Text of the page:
Know what you do. I think that a big part of the fear around networking isn’t that you’ll need to be social, it’s that you don’t know how to comfortably and easily tell others what you do. Or maybe you don’t know how to ask for what you want or need without sounding salesy or pushy. When you know what you do (and don’t have to hem and haw and stammer through it) it gives you a great deal of confidence. I invite you to check out this article I wrote if you need a little help or inspiration in creating your “what do you do” pitch (often know as your elevator pitch).
Ask questions and listen. Another level of networking awkwardness comes from everyone asking (and answering) the same question over and over. Change it up. Ask a new question. Try a “have you been to one of their events before?” or maybe “how do you know the host/organization?” or even “what brought you to tonight’s event?”.
And better yet, once someone tells you what they do, follow up with something unexpected… “what do you like most about that?” or “if you could start over again, knowing all you know now, how would your day look?” And don’t forget the very useful “tell me more.” Like with all marketing, networking is all about creating connections and getting to know, like and trust others…and them you. What better way to establish trust and likability than to actually, genuinely ask questions and listen to what others have to say.
Follow up. Ah, the follow up…where we all seem to drop the ball. As they say, the fortune is in the follow up. It’s not enough to just chat someone up at an event. To establish that know, like and trust factor, you need to actually continue with the connection that you’ve made. I advocate sending a quick email thanking them for chat, include something here that you actually discussed or said that you would pass along, and an invitation to connect via social networks (I like to connect via LinkedIn) and to chat further over coffee or a phone call.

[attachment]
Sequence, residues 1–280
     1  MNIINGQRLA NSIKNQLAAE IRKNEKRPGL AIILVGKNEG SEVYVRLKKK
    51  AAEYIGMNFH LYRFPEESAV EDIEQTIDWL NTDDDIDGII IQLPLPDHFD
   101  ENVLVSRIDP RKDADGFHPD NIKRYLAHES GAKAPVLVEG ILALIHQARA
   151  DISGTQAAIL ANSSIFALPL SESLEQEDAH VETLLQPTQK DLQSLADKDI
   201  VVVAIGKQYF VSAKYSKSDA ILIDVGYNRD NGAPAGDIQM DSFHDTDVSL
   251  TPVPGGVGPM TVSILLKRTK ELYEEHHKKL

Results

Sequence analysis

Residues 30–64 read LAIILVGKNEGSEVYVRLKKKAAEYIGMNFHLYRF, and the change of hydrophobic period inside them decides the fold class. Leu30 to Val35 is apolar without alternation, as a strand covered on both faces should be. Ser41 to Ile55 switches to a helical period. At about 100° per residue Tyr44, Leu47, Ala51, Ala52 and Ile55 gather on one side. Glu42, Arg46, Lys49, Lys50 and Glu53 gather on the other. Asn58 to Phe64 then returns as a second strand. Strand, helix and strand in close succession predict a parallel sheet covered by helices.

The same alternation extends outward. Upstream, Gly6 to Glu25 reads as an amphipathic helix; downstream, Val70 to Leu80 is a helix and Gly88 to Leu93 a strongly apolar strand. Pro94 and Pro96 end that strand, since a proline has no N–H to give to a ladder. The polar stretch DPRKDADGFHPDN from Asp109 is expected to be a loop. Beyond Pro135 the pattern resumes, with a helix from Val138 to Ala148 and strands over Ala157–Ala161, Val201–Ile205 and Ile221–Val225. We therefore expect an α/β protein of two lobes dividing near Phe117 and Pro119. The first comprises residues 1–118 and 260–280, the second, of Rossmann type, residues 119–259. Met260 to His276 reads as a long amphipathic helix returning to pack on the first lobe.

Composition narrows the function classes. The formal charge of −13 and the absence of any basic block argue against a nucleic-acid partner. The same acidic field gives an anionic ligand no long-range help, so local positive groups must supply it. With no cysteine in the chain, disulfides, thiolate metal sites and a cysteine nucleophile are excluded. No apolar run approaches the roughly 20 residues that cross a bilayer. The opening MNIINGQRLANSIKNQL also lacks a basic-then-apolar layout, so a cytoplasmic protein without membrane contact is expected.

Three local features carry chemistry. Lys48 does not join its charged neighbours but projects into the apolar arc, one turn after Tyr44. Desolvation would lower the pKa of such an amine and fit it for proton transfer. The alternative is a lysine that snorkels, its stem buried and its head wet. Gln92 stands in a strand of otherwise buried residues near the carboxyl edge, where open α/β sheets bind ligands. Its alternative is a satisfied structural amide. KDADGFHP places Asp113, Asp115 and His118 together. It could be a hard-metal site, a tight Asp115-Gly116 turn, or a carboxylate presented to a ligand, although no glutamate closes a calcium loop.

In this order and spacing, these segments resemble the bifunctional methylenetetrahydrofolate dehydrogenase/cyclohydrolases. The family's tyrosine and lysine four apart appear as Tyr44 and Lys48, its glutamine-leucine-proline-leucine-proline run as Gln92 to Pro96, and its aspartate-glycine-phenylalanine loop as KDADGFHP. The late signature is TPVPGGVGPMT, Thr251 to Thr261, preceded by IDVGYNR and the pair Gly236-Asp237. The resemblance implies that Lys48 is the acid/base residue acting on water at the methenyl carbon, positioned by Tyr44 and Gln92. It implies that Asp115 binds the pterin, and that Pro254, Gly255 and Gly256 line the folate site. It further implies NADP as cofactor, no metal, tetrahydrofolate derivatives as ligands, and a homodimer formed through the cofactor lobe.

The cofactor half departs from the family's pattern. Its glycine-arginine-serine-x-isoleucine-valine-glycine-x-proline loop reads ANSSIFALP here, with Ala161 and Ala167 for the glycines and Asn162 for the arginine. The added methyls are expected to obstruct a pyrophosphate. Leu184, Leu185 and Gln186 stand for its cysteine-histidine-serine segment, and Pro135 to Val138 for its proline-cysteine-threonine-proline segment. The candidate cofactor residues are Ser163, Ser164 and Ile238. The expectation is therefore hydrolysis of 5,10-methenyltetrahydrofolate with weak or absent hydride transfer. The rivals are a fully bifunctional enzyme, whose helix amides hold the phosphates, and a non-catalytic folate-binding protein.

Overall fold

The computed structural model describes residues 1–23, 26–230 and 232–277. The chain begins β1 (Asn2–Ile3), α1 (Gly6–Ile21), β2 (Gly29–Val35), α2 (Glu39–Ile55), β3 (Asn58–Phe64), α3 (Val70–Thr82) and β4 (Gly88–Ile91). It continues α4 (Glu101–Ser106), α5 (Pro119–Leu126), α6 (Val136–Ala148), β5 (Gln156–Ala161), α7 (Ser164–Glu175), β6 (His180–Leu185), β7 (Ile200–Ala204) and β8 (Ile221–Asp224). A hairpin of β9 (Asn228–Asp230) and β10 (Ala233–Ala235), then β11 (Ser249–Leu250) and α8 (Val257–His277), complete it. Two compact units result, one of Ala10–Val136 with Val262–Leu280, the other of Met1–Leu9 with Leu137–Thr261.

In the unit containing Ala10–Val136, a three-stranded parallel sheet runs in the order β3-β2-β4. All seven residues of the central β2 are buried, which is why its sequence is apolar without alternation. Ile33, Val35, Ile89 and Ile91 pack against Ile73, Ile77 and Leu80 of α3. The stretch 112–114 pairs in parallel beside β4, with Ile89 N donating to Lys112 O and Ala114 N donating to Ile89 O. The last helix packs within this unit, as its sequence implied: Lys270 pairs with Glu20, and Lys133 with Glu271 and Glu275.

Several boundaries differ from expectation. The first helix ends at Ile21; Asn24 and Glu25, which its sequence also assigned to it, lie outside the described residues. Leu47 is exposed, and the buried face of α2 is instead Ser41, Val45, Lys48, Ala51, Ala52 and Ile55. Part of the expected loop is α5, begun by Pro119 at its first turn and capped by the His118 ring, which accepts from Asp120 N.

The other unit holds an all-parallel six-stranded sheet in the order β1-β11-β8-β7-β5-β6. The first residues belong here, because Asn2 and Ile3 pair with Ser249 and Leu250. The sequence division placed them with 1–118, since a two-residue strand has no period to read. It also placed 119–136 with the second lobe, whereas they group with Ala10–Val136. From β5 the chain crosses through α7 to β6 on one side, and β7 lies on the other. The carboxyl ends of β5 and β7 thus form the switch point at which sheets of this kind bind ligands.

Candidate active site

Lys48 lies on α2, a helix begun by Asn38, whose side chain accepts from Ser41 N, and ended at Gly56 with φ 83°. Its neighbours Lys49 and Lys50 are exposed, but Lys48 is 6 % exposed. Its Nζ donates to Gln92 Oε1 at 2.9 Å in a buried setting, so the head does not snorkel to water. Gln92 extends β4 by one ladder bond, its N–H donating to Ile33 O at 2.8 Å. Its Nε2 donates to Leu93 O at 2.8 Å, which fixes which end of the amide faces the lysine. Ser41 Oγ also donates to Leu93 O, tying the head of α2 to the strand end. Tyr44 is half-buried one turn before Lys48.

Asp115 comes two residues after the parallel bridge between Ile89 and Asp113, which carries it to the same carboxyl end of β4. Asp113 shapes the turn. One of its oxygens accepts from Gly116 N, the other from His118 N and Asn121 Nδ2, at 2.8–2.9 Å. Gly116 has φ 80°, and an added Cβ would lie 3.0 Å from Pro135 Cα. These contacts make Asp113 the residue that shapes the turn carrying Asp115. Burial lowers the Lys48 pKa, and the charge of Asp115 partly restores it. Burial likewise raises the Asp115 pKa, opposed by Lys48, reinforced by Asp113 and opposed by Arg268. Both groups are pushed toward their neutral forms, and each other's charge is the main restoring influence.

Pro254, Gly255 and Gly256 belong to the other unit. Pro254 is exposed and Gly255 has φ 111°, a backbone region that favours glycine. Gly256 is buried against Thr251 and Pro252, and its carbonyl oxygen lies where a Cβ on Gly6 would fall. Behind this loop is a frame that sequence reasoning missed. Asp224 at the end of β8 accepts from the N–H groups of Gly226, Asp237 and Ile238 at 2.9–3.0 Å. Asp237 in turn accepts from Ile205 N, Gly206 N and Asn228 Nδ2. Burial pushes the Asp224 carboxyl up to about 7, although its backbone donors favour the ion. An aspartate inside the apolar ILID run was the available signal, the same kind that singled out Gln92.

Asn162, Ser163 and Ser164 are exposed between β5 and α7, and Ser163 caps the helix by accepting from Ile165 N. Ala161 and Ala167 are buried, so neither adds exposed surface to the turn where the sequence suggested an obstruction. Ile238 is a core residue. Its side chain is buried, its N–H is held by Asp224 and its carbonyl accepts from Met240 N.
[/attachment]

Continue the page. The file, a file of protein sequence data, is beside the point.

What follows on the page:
You shouldn’t be focused on selling yourself or your products and services (you can have a link to all of that in your email signature). And remember to let them know that if you’re able to help them in any way to feel free to reach out to you.
No one says that all networking must take place at a formal networking event. In fact, as I mentioned above, women network differently, so why not invite a few business friends or colleagues to get together for a casual coffee, lunch or drinks get-together.
Better yet, why not start your own networking event…it’s much easier than you might think.
And one final simple tip…dress casually and comfortably. No, I’m not talking yoga pants and a tee, but business casual (and comfortable shoes if you’ll be standing the entire time). Keep in mind, you will be sharing your business cards and collecting others – having pockets (and a pen) comes in very handy in situations like this. I’ve been known to leave the purse at home and to make do with the pockets on my clothes – it’s one less thing to worry about balancing with my drink and cards (and leaves my hands free for a firm handshake).
I challenge you to find a local networking event to attend over the next week (Meetup.com is a great place to start). Then get out there and get networking!! Make those connections!